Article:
Contemporary Art and ContemporaryArt 21
Hall4/dm-arena at art KARLSRUHE is devoted to “ContemporaryArt 21”, but contemporary artworks can, of course, also be found in the fair’s other halls. Which artists and styles can visitors find here?
Starting at the end of the 20th century and as a consequence of the increasingly close-knit global network, a type of art arose with the goal of forming a global community of contemporaries without borders. International art fairs and worldwide biannual shows inaugurated this embarkation into the global era. Gallery owners or curators at these fairs and shows presented international and regional contemporary art at new venues to an audience with an affinity for art.
This genre of art is no longer described as “modern” because that term is already used for Classic Modern and Postmodern art. It is accordingly not coincidental that the word “modern” has been replaced by “contemporary” in the names of museums and the catalogues of fairs and biannual shows.
Many of the art market’s participants also understand contemporary art to mean that these artworks are made by contemporaries, although it is not essential that the artist in question must necessarily still be alive for him or her to be perceived as contemporary and reflecting the current time.
The transition from Postmodern to Contemporary art distinguishes artistic styles such as Pop Art, Action Art like Fluxus and Happening, Land Art or Minimal Art. Die Neuen Wilden [The New Wild Ones] and the Zero Movement followed.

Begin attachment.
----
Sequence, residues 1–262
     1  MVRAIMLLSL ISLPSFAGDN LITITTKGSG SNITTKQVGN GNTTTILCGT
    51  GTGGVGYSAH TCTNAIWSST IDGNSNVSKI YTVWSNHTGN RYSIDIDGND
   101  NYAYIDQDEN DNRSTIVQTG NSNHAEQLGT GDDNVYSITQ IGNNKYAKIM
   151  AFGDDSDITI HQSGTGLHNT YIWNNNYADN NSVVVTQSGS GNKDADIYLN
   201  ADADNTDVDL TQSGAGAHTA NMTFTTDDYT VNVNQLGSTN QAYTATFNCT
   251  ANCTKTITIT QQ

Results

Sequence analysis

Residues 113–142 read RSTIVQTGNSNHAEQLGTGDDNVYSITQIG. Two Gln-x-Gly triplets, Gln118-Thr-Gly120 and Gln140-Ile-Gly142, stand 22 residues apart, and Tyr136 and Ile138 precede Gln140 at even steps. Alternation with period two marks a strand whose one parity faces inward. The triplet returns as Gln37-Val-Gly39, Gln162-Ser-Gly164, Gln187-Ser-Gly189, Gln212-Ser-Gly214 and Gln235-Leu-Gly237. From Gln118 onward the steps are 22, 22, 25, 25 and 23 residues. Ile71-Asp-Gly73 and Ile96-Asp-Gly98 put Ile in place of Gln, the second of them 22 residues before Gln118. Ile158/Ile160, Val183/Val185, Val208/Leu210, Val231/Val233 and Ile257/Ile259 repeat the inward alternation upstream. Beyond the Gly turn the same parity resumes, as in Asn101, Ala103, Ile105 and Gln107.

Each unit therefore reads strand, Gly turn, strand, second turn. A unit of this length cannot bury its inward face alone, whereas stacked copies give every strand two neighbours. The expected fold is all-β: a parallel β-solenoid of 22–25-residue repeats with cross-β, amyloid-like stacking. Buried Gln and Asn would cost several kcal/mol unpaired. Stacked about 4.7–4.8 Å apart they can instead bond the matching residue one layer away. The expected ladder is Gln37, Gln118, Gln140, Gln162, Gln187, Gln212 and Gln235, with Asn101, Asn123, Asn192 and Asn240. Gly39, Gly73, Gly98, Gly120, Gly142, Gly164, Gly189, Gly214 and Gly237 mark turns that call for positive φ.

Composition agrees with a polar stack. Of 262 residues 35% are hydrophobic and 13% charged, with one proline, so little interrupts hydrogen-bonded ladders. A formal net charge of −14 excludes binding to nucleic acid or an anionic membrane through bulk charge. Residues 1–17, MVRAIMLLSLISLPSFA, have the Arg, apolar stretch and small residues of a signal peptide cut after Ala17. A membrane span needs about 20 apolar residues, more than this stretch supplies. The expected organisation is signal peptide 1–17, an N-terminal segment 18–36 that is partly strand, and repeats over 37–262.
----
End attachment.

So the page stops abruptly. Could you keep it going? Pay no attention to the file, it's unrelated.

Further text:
The term “contemporary art” or “art of the present day” is not associated with any particular statement about concept, artistic style, technique, form, adherence to a specific artistic trend or movement, or membership in a certain group. Contemporary art can be painting, but it can also exist in a form that has only recently established itself during the past years or decades, for example, video art, performance or concept art.
documenta 5 in 1972 was an important milestone for Contemporary art. Directed by the curator Harald Szeemann, who died in 2005, this show was no longer merely a compilation of pictures, but a stage for artistic processes and a dialogue among foreign and traditional art forms that included “parallel worlds of images” such as advertising and design.